Your Estate Plan – Getting Started

Written by the Mackenzie Tax and Estate team

Few people are comfortable thinking about their own deaths, which can make estate planning difficult. Having an estate plan won’t prevent the inevitable, but it can reduce unnecessary distress for your heirs, in the event of your death or incapacity.

Careful planning can help your estate avoid long, painful delays. It can also minimize the taxes collected by the government and ensure that your final wishes are met.

Every Canadian adult, regardless of financial situation, should have an up-to-date estate plan that outlines the following:

  • Who is responsible for distributing your assets.
  • Who gets what and when they get it.
  • Who will take care of your dependent children.
  • Who will manage any trust accounts under your will.
  • Who will make financial and medical decisions if you are incapacitated.

To take control of your estate, we suggest the following five steps: 

  1. Determine your estate planning goals.
  2. Consider which estate planning tools fit your situation best.
  3. Start raising estate-planning issues with your family.
  4. Choose the people you would like to speak for you.
  5. Keep your estate plan up to date.

Depending on the complexity of your estate, you may require the services of a lawyer, a financial advisor, an accountant, an insurance agent and/or a trust officer.

Developing a complete estate requires much more than a will. Depending on your personal situation, you may wish to consider a combination of the following:


The core document in your estate plan that identifies an executor, distributes your assets and names a guardian for your dependent children.


This may be established to take care of assets you don’t want transferred immediately after your death or to manage investments for beneficiaries who are incapable of doing so themselves.

Life insurance

Can help ensure that your heirs receive the maximum inheritance from your estate, as estate assets may be depleted by funeral expenses or final taxes.

Power of attorney for property

Allows a trusted family member or friend to make financial decisions for you should you become incapacitated, but only while you’re alive.

Substitute decision making for health and personal care

Allows a trusted family member or friend to make health and personal care decisions based on your stated preferences if you’re unable to express them yourself. This may include continuing life support and similar important decisions.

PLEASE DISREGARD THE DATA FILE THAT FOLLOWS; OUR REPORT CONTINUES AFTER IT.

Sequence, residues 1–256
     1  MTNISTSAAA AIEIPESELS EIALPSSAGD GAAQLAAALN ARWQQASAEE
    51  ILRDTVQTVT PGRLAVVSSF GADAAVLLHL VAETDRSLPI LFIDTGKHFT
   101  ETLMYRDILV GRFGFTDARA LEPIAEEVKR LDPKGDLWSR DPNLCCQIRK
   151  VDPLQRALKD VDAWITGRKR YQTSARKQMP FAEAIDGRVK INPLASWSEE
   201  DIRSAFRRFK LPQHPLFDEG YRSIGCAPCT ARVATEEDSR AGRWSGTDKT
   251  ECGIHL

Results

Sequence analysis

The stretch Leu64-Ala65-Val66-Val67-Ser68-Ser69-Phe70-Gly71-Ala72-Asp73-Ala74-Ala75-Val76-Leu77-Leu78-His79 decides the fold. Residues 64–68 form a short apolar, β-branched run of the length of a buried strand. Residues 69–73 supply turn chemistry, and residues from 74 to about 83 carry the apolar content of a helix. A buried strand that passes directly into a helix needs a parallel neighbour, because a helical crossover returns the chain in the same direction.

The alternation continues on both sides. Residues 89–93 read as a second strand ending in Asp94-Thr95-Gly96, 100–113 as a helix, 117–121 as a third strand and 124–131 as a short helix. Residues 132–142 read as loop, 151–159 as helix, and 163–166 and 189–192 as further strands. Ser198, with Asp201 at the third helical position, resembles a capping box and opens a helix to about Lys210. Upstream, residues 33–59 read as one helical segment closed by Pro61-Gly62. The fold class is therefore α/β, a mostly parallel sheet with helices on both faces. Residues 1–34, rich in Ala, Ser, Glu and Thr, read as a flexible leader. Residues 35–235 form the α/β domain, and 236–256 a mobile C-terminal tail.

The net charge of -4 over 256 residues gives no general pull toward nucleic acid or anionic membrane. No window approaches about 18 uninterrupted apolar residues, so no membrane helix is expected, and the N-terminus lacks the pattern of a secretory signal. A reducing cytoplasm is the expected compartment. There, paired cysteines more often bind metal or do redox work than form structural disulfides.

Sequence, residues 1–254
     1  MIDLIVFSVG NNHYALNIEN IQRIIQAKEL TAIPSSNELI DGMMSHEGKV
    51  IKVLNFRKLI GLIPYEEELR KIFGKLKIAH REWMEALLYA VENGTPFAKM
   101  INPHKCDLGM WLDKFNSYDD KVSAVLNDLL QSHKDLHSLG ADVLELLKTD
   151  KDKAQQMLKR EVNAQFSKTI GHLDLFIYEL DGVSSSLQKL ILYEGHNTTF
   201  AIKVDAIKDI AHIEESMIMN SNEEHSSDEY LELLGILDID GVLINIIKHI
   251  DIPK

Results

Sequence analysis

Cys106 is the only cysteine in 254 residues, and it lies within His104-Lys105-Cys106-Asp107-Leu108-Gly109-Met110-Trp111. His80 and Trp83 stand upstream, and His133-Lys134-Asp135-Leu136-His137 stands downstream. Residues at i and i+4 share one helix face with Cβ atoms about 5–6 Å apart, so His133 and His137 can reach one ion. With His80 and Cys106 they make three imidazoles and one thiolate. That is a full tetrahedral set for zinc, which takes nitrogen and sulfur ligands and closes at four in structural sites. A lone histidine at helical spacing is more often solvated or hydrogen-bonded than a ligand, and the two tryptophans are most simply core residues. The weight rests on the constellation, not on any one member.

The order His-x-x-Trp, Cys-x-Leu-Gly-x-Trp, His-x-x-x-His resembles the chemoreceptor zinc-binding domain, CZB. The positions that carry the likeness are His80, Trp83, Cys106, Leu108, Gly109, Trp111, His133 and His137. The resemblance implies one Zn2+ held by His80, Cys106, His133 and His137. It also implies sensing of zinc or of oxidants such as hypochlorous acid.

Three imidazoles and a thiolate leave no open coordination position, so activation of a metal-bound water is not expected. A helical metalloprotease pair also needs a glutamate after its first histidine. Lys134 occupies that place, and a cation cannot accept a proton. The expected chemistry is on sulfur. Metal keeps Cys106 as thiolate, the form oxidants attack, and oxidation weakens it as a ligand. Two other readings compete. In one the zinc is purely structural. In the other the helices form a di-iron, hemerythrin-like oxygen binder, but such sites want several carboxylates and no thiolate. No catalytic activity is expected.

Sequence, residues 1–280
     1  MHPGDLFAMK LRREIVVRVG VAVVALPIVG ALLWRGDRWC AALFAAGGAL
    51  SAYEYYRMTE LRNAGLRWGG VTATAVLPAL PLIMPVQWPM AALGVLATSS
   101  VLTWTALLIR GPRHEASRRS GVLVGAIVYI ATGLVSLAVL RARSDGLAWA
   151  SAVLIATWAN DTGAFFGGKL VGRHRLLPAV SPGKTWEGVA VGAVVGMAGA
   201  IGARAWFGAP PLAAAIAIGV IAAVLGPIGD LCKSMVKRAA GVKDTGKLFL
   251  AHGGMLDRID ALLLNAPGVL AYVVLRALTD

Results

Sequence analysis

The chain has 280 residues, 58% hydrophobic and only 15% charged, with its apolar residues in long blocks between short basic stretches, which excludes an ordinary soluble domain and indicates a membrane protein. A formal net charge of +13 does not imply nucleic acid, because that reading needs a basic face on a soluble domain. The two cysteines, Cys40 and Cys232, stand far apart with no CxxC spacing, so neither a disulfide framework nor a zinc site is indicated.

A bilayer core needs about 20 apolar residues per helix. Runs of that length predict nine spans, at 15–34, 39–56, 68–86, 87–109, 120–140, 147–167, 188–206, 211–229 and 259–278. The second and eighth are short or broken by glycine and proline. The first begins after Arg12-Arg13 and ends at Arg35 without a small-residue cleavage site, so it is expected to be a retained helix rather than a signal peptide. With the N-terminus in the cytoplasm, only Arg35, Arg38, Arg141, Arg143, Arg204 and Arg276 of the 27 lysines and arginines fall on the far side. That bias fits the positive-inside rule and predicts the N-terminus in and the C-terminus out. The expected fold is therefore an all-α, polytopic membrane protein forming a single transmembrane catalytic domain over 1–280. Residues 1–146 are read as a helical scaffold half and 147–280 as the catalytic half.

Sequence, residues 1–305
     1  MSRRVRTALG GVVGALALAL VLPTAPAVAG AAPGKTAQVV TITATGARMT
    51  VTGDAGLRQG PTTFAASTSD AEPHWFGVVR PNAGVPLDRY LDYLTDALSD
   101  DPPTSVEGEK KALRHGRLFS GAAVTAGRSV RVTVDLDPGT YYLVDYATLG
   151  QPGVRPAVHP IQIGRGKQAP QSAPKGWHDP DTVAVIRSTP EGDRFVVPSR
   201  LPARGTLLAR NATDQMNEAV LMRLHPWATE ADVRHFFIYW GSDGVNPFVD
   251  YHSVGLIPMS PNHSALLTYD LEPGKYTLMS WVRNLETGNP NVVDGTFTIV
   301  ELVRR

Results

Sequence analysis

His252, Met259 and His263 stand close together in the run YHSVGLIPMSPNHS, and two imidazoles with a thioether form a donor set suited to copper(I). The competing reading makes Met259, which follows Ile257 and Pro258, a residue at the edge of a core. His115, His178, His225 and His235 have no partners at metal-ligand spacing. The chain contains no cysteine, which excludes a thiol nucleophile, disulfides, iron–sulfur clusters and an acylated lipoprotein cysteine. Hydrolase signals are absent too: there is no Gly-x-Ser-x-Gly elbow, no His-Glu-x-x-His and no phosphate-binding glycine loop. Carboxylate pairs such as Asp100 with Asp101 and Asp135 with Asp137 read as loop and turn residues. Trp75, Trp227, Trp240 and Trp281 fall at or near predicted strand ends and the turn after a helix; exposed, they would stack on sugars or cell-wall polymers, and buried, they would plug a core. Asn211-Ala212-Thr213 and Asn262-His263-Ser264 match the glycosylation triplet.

Organ donor cards

An official statement of whether you would like your organs to be donated to someone who would benefit from a transplant. You will also need to discuss this with your family, as doctors may need their consent as well.

Funeral arrangements

Helps decide how you would like to be remembered, as well as the disposition of your remains.

Business succession plan

Decides what will happen with a business you own in part or whole. There are complex rules regarding selling a business or passing it to heirs.

Tax planning

In Canada there are no “estate taxes” — taxes owed on the entire value of an estate. However, your estate may be subject to probate or income taxes. These are paid out of your estate, reducing what your heirs receive. Probate cost and income taxes should be considered when planning your estate. 

This should not be construed as legal, tax or accounting advice. This material has been prepared for information purposes only. The tax information provided in this document is general in nature and each client should consult with their own tax advisor, accountant and We have endeavored to ensure the accuracy of the information provided at the time that it was written, however, should the information in this document be incorrect or incomplete or should the law or its interpretation change after the date of this document, the advice provided may be incorrect or inappropriate. There should be no expectation that the information will be updated, supplemented or revised whether as a result of new information, changing circumstances, future events or otherwise. We are not responsible for errors contained in this document or to anyone who relies on the information contained in this document. Please consult your own legal and tax advisor